• those who are receiving, or have received in the past 6 months, immunosuppressive chemotherapy or radiotherapy for malignant disease or non-malignant disorders
  • those who are receiving, or have received in the past 6 months, immunosuppressive therapy for a solid organ transplant (with exceptions, depending upon the type of transplant and the immune status of the patient)
  • those who are receiving or have received in the past 12 months immunosuppressive biological therapy (e.g. anti-TNF therapy such as alemtuzumab, ofatumumab and rituximab) unless otherwise directed by a specialist
  • those who are receiving or have received in the past 3 months immunosuppressive therapy including:
    • adults and children on high-dose corticosteroids (>40mg prednisolone per day or 2mg/ kg/day in children under 20kg) for more than 1 week
    • adults and children on lower dose corticosteroids (>20mg prednisolone per day or 1mg/kg/day in children under 20kg) for more than 14 days
    • adults on non-biological oral immune modulating drugs e.g. methotrexate >25mg per week, azathioprine >3.0mg/kg/day or 6-mercaptopurine >1.5mg/kg/day
    • for children on non-biological oral immune modulating drugs (except those on low doses, see below), specialist advice should be sought prior to vaccination

Notes:

  • ideally individuals who have received a live vaccine should wait until their immune response has been established to receive immunosuppressive therapy
  • for most viral live vaccines a period of up to four weeks should be a sufficient - however, as the vaccine viruses are generally attenuated, immunosuppressive treatment should not be delayed if this could result in worsening of the underlying condition
    • in such situations, additional measures such as antibody-testing, monitoring for evidence of infection, the administration of antivirals or immunoglobulin may be considered
    • specialist advice should be sought on a case-per-case basis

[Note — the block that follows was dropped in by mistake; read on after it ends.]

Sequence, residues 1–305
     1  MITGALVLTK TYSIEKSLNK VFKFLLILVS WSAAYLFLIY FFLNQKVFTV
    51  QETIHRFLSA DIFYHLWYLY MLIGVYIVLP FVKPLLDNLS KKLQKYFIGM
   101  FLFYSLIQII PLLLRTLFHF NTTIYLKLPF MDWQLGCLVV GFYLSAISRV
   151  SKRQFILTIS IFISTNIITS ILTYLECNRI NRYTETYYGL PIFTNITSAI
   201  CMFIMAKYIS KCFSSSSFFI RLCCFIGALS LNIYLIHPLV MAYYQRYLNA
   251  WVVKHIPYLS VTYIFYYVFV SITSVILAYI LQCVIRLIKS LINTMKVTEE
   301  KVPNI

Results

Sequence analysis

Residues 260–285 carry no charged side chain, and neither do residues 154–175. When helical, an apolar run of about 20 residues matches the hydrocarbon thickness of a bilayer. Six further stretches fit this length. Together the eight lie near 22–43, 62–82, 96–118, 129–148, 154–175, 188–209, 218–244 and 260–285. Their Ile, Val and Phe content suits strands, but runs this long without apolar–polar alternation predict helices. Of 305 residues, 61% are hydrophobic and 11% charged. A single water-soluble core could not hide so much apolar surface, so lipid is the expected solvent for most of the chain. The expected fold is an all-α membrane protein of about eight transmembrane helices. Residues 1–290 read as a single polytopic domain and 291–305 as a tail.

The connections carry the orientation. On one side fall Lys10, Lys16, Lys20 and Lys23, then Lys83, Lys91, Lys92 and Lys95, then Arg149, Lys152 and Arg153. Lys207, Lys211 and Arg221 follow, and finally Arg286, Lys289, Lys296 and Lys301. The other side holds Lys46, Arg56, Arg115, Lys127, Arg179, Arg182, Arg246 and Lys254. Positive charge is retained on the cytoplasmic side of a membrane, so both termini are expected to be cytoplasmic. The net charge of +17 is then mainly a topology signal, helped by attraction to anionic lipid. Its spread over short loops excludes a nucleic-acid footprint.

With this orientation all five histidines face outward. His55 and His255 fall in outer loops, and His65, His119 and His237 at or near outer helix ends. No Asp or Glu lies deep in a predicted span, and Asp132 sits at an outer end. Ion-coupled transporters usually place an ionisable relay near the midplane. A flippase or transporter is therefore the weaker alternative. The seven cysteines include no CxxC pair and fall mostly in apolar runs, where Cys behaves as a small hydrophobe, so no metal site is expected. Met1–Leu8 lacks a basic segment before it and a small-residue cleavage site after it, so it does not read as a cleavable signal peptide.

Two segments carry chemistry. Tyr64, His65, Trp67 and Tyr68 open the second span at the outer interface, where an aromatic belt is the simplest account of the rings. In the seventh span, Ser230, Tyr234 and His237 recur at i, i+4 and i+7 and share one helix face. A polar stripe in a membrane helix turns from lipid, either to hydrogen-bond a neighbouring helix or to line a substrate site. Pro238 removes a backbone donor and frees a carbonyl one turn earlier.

• immunisation with live vaccines should be delayed until 6 months of age in children born to mothers who received immunosuppressive biological therapy during pregnancy
    • means that children born to mothers who were on immunosuppressive biological therapy during pregnancy will not be eligible to receive rotavirus vaccine (and will need to defer BCG, if indicated, for 6 months)
  • many adults with chronic inflammatory diseases (e.g. rheumatoid arthritis, inflammatory bowel disease, psoriasis, glomerulonephritis) will be on stable long term low dose corticosteroid therapy (defined as up to 20mg prednisolone per day for more than 14 days in adult or 1mg/kg/day in children under 20kg) either alone or in combination with other immunosuppressive drugs
    • long term stable low dose corticosteroid therapy,either alone or in combination with low dose non-biological oral immune modulating drugs (e.g. methotrexate 25mg per week in adults or up to 15mg/m2 in children, azathioprine 3.0mg/ kg/day or 6-mercaptopurine 1.5mg/kg/day), are not considered sufficiently immunosuppressive and these patients can receive live vaccines

If there is any doubt, immunological advice should be sought prior to administration.

For further details consult the uptodate version of The Green Book - Chapter 6.

Reference:

  • Immunisation Against Infectious Disease, HMSO, 1996
  • PHE. Contraindications and special considerations: the green book, chapter 6 (October 2017)
  • The Green Book - Chapter 6 - Contraindications and special considerations (April 2019).

Last edited 04/2019